Our latest articles
August 28, 2016
- Cracked or Damaged Panes. Obviously, broken windows need replacing immediately, but cracks and chipsare equally dangerous, especially in older panes. Shattering glass can cause serious injuries to people, pets, and property; repair or replace your windows at the first sign of cracks or other damage.
- Drafty Rooms and “Breezes” Near Closed Windows. Over time, wooden window frames and casings can warp, shrink, and crack, allowing air to enter the home. This increases energy costs and makes your home less comfortable. If you notice a breeze with the windows closed, consider replacing the window ASAP.
- Replacement of Non-Tempered Glass With Safety Glass.Older windows and sliding doors are often constructed from “standard glass,” which shatters into dangerous shards when broken. Modern building codes require replacement of standard glass with tempered or “safety glass,” which breaks into “pebbles” that carry a lower risk of injury or death. Replacing dangerous older glass with modern tempered windows and doors increases the safety (and, often, value) of your home.
- High or Increasing Energy Costs. As windows age, they shrink and warp, allowing for seepage of air both into and out of the home. This increases cooling costs in the summer months and makes it more expensive to heat your home in winter, too. Noticeable increases in your energy bills—especially in the summer and winter—may be a sign that it’s time to replace those aging, leaky windows with energy-efficient panes.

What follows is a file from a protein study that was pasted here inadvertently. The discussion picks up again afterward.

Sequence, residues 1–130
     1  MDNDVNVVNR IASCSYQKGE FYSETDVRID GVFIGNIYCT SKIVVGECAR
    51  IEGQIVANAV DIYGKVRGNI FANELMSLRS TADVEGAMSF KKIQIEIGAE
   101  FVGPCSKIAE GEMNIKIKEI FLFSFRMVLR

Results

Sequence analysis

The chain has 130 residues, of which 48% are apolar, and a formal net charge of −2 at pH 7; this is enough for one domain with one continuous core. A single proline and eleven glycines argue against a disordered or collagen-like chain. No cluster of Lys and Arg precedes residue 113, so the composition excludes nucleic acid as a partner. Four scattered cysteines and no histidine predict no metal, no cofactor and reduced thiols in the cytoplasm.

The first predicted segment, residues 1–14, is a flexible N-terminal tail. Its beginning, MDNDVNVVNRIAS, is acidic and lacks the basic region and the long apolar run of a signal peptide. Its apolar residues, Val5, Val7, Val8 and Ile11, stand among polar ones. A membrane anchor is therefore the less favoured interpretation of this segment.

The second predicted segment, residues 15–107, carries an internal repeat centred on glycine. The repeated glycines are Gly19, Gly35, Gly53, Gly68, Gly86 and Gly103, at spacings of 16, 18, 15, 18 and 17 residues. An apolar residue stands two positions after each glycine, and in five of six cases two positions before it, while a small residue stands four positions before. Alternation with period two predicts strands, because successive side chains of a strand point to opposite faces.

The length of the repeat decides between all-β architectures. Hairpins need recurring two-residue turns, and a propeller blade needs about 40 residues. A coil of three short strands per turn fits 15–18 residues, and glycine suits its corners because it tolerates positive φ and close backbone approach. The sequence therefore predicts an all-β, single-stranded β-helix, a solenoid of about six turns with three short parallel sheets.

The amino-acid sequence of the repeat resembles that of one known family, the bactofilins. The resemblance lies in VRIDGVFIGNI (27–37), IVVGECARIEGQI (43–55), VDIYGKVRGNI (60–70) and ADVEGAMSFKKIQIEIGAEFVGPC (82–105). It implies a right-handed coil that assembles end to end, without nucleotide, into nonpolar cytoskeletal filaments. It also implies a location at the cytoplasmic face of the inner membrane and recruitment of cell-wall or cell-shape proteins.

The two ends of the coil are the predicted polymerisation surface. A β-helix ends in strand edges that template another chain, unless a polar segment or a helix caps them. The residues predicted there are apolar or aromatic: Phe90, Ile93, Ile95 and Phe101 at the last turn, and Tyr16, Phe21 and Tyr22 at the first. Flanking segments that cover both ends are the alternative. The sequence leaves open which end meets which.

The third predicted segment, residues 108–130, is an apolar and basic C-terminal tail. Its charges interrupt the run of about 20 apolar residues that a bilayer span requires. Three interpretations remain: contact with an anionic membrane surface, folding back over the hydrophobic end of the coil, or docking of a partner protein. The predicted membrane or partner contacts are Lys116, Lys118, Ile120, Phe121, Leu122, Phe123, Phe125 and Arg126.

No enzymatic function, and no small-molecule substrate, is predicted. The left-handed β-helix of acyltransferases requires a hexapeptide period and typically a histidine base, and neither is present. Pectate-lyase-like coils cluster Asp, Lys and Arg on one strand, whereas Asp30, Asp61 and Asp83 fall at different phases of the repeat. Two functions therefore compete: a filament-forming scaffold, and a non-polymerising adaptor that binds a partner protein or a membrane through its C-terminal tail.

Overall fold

- Difficulty Opening or Closing. Windows should function smoothly, with little to no sticking or trouble opening or closing. Older hung or counterweighted windows tend to stick (or refuse to open) as they age, and may also slam shut without warning. In addition to making the windows hard to use, these problems create safety issues and risk of injury to adults and children. Once your windows refuse to open (or shut) without difficulty, it’s time to consider replacement.
August 20, 2016